RESEARCH & RESOURCES

Q&A: Building a Business/IT Partnership

Projects require business expertise and technical knowledge, but it's often difficult to build partnerships between business users and IT. We explore the role of individuals in the process and best practices for success.

[Editor's note: Maureen Clarry and Lorna Rickard are conducting the session Power, Politics, and Partnership: Collaborating for Business-Driven BI at the TDWI World Conference in Boston (October 20-25, 2013). In this conversation, we discuss partnerships -- why they are difficult to build, the role of individual contributors in creating them, and best practices for creating them.]

BI This Week: Business-Driven BI -- Building a Business/IT Partnership is the theme for the Boston TDWI conference. Why is the business/IT partnership so important for business driven BI?

Maureen Clarry: Successful business intelligence initiatives require business expertise and technical knowledge. It is essential for IT and business to collaborate, and in many organizations, that is one of the most difficult chasms to cross.

How do you define partnership?

Lorna Rickard: Partnership is a relationship in which we are jointly committed to the success of whatever endeavor, process, or project we are engaged in. Even if we're involved in a knock-down, drag-out negotiation, the question would still be, "Are we jointly committed to success?" In business intelligence initiatives, the key question becomes whether IT and the business unit(s) are jointly committed to success (as success is jointly defined by them) or if they stand in their own corners pointing fingers at each other.

Why is it so difficult for some organizations to build partnerships?

Lorna Rickard: Because partnership is about relationships, there are many factors that can impact those relationships, including tangible factors such as compensation, reward and recognition systems, and even the physical layout of office space. These aspects vary between companies. What we explore in our workshop is the powerful, intangible forces that are present in all organizations; the underlying dynamics inherent in hierarchical structures. With an understanding of these patterns, new possibilities for creating a partnership become apparent and the tangible factors can be managed and adjusted from a more strategic perspective.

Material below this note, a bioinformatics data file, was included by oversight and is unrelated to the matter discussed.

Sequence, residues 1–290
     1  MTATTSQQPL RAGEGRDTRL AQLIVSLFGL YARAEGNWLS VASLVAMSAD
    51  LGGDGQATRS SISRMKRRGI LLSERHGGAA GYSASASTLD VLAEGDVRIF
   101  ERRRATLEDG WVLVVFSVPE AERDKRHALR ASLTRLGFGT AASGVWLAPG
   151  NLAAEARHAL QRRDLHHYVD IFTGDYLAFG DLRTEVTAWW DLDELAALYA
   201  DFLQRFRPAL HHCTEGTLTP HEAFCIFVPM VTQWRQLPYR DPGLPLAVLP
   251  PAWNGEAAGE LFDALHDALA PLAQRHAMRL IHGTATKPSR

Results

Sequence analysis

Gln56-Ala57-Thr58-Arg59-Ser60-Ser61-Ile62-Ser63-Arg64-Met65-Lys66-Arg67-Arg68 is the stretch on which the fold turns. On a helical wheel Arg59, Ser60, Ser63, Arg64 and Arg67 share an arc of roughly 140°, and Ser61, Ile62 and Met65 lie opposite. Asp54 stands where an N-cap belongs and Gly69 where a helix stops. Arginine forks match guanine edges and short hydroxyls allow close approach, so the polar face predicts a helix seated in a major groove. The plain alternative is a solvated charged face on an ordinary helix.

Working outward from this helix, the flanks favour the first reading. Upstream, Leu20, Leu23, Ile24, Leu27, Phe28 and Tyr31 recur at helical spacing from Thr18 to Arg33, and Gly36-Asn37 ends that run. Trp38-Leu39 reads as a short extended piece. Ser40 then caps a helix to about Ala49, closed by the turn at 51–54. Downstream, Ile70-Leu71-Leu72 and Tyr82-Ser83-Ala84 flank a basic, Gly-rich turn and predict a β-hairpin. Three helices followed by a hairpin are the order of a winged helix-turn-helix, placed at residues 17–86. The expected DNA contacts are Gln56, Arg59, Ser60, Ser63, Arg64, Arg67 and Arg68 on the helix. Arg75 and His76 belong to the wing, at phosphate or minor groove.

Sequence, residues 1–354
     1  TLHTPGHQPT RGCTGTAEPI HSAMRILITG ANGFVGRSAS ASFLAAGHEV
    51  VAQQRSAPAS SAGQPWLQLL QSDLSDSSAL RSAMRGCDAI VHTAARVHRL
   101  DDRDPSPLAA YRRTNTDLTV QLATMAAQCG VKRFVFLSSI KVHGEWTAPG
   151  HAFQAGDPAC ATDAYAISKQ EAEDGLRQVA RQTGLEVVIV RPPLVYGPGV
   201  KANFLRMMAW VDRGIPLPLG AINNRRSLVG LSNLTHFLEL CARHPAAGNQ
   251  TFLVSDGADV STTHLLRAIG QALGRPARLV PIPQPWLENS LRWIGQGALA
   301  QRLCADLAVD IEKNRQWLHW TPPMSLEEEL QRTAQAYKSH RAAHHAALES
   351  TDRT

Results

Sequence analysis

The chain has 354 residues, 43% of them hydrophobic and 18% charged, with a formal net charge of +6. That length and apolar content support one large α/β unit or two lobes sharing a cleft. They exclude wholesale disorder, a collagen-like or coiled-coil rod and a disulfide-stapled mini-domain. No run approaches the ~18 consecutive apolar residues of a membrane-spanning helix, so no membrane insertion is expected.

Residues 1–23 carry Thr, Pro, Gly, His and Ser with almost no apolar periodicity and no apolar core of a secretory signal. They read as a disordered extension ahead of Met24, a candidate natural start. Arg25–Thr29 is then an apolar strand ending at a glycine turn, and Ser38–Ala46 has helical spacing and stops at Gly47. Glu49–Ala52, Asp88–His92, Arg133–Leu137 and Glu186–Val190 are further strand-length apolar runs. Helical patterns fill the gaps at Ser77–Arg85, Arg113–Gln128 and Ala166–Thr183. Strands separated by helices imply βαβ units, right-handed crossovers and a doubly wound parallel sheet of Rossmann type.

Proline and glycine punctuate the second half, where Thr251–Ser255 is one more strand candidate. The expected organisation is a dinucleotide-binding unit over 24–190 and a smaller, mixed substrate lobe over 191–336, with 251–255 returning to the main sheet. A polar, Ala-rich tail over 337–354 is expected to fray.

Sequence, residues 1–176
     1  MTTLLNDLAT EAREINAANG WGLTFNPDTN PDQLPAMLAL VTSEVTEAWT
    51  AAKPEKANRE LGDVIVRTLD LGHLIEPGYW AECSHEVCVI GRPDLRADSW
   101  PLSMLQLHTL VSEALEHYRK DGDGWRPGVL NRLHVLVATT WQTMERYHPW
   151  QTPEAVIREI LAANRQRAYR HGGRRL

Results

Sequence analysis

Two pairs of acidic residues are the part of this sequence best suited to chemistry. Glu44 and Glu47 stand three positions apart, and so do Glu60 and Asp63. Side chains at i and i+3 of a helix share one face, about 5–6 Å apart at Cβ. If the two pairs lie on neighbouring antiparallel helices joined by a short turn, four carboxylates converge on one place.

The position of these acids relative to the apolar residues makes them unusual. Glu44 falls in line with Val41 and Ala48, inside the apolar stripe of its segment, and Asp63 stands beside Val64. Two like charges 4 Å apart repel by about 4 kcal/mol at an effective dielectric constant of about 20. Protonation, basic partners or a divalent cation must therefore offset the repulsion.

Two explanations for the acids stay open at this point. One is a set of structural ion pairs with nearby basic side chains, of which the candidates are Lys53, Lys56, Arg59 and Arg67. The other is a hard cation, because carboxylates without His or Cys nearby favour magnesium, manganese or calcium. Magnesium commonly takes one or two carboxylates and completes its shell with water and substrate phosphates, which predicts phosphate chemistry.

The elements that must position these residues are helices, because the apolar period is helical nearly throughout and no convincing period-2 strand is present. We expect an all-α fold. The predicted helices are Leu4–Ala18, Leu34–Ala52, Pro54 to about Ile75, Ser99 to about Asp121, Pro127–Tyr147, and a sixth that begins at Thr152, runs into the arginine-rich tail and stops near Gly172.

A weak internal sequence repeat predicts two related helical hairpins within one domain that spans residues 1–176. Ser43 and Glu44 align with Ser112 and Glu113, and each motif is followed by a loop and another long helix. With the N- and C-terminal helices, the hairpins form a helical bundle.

One of the key patterns that typically plays out is the relationship between "provider" and "customer" which is a dynamic role based on who is providing a service, deliverable, requirement, input, etc. and who is receiving/consuming the service, input, etc. The typical pattern is for a "customer" to say "Jump!" and the "provider" asks, "How high?" This is not a joint commitment to success but rather a reaction to the patterns that play out in organizations. There needs to be a more conscious approach to the commitments and expectations that partners put on each other. In the case of BI initiatives, it may mean a more realistic negotiation of what to expect, when to expect it, and the amount of involvement that business and IT resources invest.

What's the role of leadership in creating partnerships in their organization?

Maureen Clarry: The role of leadership in creating partnerships has several components. First, leaders need to create responsibility in the organization. There is a tendency when leaders are living with the complexity of their role to become overwhelmed and burdened. With all the important things coming at them, they might try to do too much, work too much, or hold on to too much. It may seem obvious, but in the moment, it is easy to take on too much responsibility for the outcomes. There are strategies to help that situation which include things such as delegation, creating a clear vision, building strong teams, and strengthening the "middle" of the organization. Our course helps people to see those situations and try different strategies that might help them deal with the overload.

Second, leaders need to create an environment of empowerment and accountability. That environment needs to promote the benefits of taking risks, as well as stepping up and taking ownership of issues. While it is true that people ultimately need to empower themselves, that doesn't let leadership off the hook. Leaders still need to create an environment that makes it easier for people to take responsibility.